Our hearts and thoughts go out to the people of Oklahoma, especially those in and around Moore, OK. It may be days before the death toll is tallied, and weeks or months before the damage can be adequately assessed. Those of us who have been through natural disasters of this size or greater already know how utterly devastating it can be. After Katrina, seeing the trucks roll in with food and blankets and water was such a relief!
It used to be common for people of the fiber arts communities to rally ’round and begin creating piles of blankets, socks, sweaters, and other needed items for those who have lost house and home.
All of these are fine, of course, but they are only useful if:
- you know a specific family and their specific needs; or
- you have an establish channel for distribution with an agency already on the ground providing needed goods and they have requested specific things.
When I did the Bundle Up New Orleans effort after Katrina, one of the hardest things was finding a way to distribute the many goods that were sent to me for those in need; we finally found a food bank in Treme that agreed to take the many donated hats, scarves, and blankets, but they were a food bank and we later found our donated goods piled in a corner and people were being told to just “go through the piles and take what you want”. Rather disheartening. Many agencies do not want to deal with disorganized and dissimilar donations, nor should they be expected to; they are full time agencies who have already learned what works best and how to do it.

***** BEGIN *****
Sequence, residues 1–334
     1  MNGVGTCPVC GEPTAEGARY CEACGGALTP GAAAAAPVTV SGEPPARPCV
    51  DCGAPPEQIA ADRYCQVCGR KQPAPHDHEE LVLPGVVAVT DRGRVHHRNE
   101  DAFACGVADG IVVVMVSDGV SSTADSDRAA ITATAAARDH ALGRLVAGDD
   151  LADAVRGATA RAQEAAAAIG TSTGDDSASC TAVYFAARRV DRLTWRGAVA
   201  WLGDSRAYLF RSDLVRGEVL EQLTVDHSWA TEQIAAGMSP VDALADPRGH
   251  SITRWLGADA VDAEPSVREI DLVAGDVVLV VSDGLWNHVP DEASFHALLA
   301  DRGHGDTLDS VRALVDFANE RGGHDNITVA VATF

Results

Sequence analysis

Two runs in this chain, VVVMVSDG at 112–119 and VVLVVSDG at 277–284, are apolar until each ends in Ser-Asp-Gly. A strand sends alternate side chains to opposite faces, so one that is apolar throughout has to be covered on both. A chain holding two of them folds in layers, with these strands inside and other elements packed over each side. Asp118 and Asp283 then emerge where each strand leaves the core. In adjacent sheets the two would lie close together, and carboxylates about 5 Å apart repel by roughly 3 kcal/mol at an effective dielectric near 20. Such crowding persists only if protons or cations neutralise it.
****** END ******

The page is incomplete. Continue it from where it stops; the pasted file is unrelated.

Places like the Red Cross, in particular, already have channels through which to obtain needful emergency goods at a far better cost than if everybody just sends whatever goods they wish. There is also the Humanist Crisis Response effort. These and many other places prefer cash donations that they can pool together resources and get the greatest value for dollars spent.